Xarelto Expanded Use Rejected Again by FDA
For the third time, federal drug regulators have rejected a request to expand the use of the blood thinner Xarelto.
Johnson & Johnson’s Janssen subsidiary issued a press release on February 14, announcing that it has received complete response letters (CRLs) from the FDA, rejecting a request to approve Xarelto for the prevention of heart attacks, cardiac arrests, and strokes in patients with acute coronary syndrome (ACS).
The makers of anticoagulant Xarelto, which is a joint effort between Johnson & Johnson and Bayer, also wanted the drug approved for prevention of coronary events due to stent thrombosis.
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Although the press release does not indicate why the FDA rejected approval, the denial comes after an FDA advisory panel recommended against expanded use of Xarelto last month.
At a January 16 meeting, the FDA’s Cardiovascular and Renal Drugs Advisory Committee voted unanimously that the drug makers have failed to show that the benefits outweigh the potential Xarelto risks when used for the prevention of thrombotic cardiovascular events in patients with recent ACS.
Xarelto (rivaroxaban) is one of a new generation of anticoagulants used to reduce the risk of blood clots and strokes. Known as “direct thrombin inhibitors,” the new class of medications are marketed as a replacement for Coumadin, or warfarin, which has long been the standard anticoagulation therapy. The treatments have been promoted as superior to warfarin because they are easier to take and require less frequent monitoring to maintain the correct dose.
Potential side effects of Xarelto and other members of the same class of anticoagulants include a potential risk of uncontrollable bleeding, as the medications do not currently have an effective antidote to allow doctors to reverse the blood thinning effects of the drug when a hemorrhage begins.
Despite two previous rejections, Johnson & Johnson and Bayer have continued to press for expanded use of the relatively new anticoagulant, based on the results of a clinical trial called Atlas. The advisory committee and the FDA have questioned the analysis of the Atlas trial data, indicating that they do not see the proof. They also question the fact that this time the manufacturers were pitching a 90-day regimen, when Atlas was designed to study chronic treatment, noting that the trial was never designed to look at effectiveness over such a short period of time.
The reviewers also questioned the fact that data on 400 patients that participated in the study was missing. Previously, data on nearly 1,300 patients was missing. Given concerns over Xarelto bleeding events, some reviewers question why that data has not been found and presented.
It is unclear whether the drug makers will try again for expanded Xarelto approval. The press release does not detail what was in the CRLs or whether the FDA had called for more studies.
“We remain committed to providing patients who have suffered from acute coronary syndrome with additional protection against stent thrombosis and secondary life-threatening cardiovascular events,” said Dr. Paul Burton, vice president of Janssen’s clinical development division. “We are evaluating the contents of the letters and will determine the appropriate next steps.”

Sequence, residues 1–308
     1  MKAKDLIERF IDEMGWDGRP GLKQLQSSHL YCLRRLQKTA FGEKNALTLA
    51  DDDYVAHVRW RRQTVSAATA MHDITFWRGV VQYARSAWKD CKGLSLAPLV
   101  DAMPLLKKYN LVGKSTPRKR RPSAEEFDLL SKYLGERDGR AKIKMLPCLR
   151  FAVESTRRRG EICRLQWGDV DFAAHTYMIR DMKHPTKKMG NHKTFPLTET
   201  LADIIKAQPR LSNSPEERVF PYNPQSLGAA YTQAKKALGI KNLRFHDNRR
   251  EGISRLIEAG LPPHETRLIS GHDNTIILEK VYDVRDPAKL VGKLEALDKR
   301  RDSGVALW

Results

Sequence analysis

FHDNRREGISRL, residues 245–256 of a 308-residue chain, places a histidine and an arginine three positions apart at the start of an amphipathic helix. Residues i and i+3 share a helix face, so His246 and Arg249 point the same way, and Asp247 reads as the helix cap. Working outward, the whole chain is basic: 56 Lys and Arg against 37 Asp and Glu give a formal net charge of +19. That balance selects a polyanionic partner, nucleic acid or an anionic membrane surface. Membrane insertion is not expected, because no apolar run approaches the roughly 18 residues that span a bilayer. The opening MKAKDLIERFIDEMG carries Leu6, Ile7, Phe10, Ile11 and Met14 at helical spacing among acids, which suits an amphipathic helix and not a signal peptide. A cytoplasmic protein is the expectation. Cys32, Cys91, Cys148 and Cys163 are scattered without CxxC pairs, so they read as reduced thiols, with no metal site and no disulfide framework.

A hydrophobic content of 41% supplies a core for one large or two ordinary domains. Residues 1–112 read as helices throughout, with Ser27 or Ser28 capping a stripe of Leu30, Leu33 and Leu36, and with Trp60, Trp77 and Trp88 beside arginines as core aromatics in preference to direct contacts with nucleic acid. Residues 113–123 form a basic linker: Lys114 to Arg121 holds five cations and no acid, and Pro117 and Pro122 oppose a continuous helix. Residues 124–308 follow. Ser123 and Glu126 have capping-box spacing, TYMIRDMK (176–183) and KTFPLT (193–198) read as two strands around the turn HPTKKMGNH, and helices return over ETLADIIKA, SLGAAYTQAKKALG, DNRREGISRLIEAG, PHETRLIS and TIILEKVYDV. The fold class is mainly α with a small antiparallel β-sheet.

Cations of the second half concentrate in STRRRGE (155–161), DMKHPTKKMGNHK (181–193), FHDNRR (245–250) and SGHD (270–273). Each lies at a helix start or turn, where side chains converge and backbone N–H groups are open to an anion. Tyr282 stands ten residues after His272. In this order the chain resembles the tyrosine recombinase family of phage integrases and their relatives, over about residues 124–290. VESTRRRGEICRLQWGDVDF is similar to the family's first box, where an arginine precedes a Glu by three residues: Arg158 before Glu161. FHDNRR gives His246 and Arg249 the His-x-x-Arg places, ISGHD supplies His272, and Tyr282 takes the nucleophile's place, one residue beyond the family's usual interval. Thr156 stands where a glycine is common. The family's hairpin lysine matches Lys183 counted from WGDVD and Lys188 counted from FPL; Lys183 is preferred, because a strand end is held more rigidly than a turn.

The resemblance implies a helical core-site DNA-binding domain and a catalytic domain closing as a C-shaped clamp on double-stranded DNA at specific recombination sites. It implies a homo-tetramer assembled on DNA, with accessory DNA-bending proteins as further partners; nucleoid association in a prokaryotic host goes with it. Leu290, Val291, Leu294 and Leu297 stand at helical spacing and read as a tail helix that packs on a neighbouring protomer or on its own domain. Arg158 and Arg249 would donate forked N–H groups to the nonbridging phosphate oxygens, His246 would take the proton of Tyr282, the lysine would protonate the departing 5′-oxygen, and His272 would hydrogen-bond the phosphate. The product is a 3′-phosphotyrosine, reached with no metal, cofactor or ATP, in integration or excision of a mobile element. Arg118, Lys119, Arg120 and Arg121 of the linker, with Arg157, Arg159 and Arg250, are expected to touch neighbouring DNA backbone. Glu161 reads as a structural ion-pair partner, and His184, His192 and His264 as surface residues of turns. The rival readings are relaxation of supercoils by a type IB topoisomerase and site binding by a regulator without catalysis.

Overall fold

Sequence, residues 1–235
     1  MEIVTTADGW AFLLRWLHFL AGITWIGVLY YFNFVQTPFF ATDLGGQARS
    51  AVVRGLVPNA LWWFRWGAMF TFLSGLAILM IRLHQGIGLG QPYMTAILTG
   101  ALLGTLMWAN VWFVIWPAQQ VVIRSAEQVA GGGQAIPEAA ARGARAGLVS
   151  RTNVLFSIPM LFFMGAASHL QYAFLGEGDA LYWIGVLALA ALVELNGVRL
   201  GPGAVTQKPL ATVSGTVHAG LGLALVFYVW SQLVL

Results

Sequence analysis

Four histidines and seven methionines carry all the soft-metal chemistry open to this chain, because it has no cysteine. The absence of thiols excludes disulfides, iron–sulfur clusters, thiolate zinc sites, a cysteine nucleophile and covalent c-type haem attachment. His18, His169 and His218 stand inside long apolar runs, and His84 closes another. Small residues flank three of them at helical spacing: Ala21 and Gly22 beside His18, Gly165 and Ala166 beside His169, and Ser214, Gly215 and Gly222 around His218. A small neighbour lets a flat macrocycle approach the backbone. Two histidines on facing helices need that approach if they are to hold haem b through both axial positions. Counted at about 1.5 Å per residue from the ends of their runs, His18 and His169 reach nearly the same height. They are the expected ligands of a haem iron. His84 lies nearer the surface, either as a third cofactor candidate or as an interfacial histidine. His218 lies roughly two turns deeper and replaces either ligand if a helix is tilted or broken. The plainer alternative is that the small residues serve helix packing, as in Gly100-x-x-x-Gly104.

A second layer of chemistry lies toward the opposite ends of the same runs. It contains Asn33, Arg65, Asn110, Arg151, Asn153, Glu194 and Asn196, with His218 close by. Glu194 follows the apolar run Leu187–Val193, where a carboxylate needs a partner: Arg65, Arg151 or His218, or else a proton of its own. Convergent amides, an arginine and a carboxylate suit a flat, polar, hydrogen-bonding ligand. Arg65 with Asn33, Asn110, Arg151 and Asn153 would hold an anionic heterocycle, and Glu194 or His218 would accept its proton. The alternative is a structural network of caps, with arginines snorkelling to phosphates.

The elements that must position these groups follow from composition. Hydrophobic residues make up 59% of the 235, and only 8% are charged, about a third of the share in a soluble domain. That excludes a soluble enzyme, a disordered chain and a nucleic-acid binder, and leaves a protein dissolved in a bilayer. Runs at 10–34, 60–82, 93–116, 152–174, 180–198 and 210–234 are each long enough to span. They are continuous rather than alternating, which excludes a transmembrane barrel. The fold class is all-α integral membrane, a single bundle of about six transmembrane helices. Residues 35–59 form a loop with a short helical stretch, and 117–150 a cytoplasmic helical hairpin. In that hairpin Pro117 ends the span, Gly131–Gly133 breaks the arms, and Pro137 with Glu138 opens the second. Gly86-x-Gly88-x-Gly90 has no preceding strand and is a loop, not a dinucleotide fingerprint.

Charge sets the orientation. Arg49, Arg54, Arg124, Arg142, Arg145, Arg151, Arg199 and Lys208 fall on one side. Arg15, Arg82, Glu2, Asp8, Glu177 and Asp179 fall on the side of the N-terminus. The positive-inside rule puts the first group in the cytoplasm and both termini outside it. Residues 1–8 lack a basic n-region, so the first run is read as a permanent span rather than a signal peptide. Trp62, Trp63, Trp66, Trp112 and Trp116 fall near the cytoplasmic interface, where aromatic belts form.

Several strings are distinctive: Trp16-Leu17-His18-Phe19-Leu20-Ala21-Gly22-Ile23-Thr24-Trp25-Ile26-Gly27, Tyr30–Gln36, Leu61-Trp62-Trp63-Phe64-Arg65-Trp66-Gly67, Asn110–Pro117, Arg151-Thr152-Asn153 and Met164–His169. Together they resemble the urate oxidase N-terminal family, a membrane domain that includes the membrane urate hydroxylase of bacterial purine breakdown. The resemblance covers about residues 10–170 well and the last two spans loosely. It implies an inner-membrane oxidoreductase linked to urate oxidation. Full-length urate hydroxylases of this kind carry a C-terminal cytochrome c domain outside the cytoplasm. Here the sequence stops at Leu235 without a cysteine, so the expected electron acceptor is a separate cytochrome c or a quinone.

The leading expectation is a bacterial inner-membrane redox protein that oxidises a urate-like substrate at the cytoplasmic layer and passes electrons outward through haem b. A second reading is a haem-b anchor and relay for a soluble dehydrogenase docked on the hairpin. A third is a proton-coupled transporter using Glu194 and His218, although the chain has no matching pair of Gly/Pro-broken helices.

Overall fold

New Blood Thinner Bleeding Risks
Xarelto was first introduced in July 2011, as the second drug in this new class of “direct thrombin inhibitors.” It is currently approved for prevention of deep vein thrombosis (DVT) among individuals undergoing knee or hip replacement surgery, to reduce the risk of stroke among people suffering from atrial fibrillation and to reduce the risk of DVT or pulmonary embolism (PE).
Pradaxa (dabigatran) was the first drug in this class to hit the market, introduced by Boehringer Ingelheim in October 2010. While Pradaxa did gain an advantage by being first to market, concerns have surrounded the medication, as it quickly became one of the most common prescription medications associated with adverse event reports submitted to the FDA, often involving problems with uncontrollable bleeding on Pradaxa.
While all blood thinners carry a risk of bleeding, Xarelto, Pradaxa and other direct thrombin inhibitors currently lack an effective reversal agent. While doctors are able to administer a dose of vitamin K and plasma to reverse any bleeding problems that develop with warfarin, no such antidote is available for the new class of medication, making it harder to prevent serious injury or death if patients suffer bleeding problems. Some doctors have found success using off-label treatments to halt Xarelto bleeding events, but no formal treatment has been approved or recognized.
Boehringer Ingelheim currently faces hundreds of Pradaxa injury lawsuits that have been filed on behalf of former users of the medication who experienced severe bleeds. The complaints allege that the drug maker failed to adequately warn about the risks associated with the medication, including the lack of an available reversal agent to stop bleeding problems that may develop.
Bayer and Johnson & Johnson are working with a company called Portola Pharmaceuticals to try and develop a Xarelto reversal agent and are testing one possible antidote. Boehringer Ingelheim is also reportedly looking at a possible reversal agent for Pradaxa. It is widely believed that if either of these “direct thrombin inhibitors” are shown to have an effective antidote for bleeding events, sales will increase dramatically.
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